Marvel Studios took a year off from Comic-Con, but it came back with a pow on Saturday with a spectacle and star-filled presentation offering exclusive looks at "Spider-Man: Homecoming," "Doctor Strange" and "Guardians of the Galaxy Vol. 2."
U.S. Army Capt. Dan Culbreth, a 2001 Hot Springs High School graduate, has flown his Apache helicopter through two tours of duty in Afghanistan, and will soon be flying into many living rooms as one of the soldiers featured in an upcoming episode of "My Fighting Season," a war documentary series on AT&T's Audience Network.
When David Williams was a kid sneaking into movie theaters for lack of money, he vowed to his buddies that one day he’d have his own theater. Now a successful businessman, he does — a period Art Deco cinema in his 3,000 square foot Olympia basement, complete with 187-inch screen, electric recliner seats and a 16-foot neon marquee.Oh, and a replica 1930s London street to go with it.
After "Batman v Superman: Dawn of Justice" put the launch of the DC/Warner Bros. universe on shaky ground, the studio came back swinging at Comic-Con Saturday armed with movie stars, brand new footage and a sense of humor.
David F. Sandberg’s excellent horror flick “Lights Out” is a film about common fears and universal phobias; about things that go bump in the night, and exist only in the dark. Built on a clever premise, the film is executed seamlessly. It’s the best expression of a low-budget horror flick: resourceful and smart, where the most charismatic character is the ghoul itself. At a lightning quick 81 minutes, Sandberg creates a thoughtful and very scary world in “Lights Out,” a spooky tale about what happens when the demons in your head come out to play.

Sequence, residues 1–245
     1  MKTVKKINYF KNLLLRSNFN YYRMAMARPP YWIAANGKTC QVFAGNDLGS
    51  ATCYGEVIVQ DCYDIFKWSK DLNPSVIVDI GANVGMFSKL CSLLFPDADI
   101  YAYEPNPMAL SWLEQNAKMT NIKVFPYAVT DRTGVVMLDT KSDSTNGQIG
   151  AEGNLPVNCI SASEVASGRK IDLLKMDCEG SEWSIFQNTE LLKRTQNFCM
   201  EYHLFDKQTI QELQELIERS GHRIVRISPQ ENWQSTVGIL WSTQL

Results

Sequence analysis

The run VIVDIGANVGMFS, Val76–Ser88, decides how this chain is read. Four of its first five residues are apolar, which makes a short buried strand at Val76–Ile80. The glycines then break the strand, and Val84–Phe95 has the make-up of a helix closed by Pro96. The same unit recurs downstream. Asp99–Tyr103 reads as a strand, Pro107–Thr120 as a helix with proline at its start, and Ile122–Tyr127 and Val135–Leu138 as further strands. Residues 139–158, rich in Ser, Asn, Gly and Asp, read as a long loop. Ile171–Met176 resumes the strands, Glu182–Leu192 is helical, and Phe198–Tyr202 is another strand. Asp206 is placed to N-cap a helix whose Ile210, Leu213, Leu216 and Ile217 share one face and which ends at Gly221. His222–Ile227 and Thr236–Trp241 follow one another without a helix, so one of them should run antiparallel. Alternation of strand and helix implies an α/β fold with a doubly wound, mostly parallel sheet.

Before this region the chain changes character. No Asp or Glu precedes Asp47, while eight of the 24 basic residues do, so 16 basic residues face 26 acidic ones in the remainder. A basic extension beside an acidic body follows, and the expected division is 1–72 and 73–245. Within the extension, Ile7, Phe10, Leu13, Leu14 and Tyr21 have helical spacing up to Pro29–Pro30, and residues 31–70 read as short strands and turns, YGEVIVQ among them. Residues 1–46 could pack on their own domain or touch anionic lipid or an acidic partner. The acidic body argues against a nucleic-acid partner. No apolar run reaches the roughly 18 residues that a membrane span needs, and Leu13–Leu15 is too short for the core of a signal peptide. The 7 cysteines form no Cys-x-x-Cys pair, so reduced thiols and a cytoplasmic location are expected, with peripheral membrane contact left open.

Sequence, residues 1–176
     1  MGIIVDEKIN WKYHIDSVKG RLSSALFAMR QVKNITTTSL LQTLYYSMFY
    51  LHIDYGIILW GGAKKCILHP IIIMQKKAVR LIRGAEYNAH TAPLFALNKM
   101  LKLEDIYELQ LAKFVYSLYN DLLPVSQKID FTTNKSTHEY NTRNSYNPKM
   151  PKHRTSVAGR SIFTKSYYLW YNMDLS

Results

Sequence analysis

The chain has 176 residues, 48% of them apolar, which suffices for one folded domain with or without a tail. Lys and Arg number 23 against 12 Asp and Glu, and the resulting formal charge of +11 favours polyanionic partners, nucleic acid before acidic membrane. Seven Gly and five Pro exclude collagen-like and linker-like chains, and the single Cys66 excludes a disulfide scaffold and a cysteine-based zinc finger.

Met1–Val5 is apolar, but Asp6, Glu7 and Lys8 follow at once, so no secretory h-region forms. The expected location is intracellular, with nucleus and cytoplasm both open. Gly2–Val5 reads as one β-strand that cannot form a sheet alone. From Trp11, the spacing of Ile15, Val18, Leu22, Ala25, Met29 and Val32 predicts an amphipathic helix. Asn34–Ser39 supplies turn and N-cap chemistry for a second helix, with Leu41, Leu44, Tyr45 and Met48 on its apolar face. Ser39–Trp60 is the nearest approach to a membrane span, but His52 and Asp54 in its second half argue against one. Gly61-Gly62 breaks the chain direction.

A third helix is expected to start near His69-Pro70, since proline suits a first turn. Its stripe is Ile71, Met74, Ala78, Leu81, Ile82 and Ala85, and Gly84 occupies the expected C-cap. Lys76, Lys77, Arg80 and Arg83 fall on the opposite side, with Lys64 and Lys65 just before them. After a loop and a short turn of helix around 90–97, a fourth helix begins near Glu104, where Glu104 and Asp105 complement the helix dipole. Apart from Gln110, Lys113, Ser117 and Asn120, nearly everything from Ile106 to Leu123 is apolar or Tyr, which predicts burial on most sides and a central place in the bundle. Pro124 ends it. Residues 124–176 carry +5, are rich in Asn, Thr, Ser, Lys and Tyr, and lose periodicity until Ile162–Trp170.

Stephane Brize's "The Measure of a Man" feels so real, you're almost startled when it's over - it seems as if this French drama about a middle-aged husband and father facing unemployment should just go on, as life tends to do. Thierry (Vincent Lindon), we learn, was laid off from his steady factory job as a machine operator. Now he's seeking work, being lectured by bank managers and employment counselors, and enduring perfunctory job interviews on Skype, at the end of which he's told that he probably doesn't have a chance of being hired. (You see the air coming out of Thierry on those words, ever so faintly.)
Artfully calculated and authentically felt, the unexpectedly effective "Summertime" combines the conventional structure of classic movie romance with a sensual same-sex frankness that couldn't be more up to date.
Chris Colfer did something when he was younger that, while it worked out for the best in the end, he would not have the courage to do again. He sent tickets to a "Glee" concert to comedian Jennifer Saunders.
It's an idea both perfectly simple and simply perfect: Irish documentarian Alex Fagan rounded up 29 centenarians, pointed a camera at each, and asked them about their lives. The result is "Older Than Ireland": a charming, moving and over-too-soon portrait of a country, and of what it means to have a longer than expected life.
Olympia homeowner David Williams along with former MGM and Paramount studios' set designer Thomas Polidori offer their thoughts during a July 10th tour of the basement area which was turn it into a replica London street from the 1930s, including an Art Deco theater, faux storefronts, cobblestones, manholes, neon signs etc. Scaled down from an actual period commercial movie house a state-of-the-art theater featuring digital access to most any film caps-off the experience.
WATCH: Basement transformed into amazing vintage movie theater
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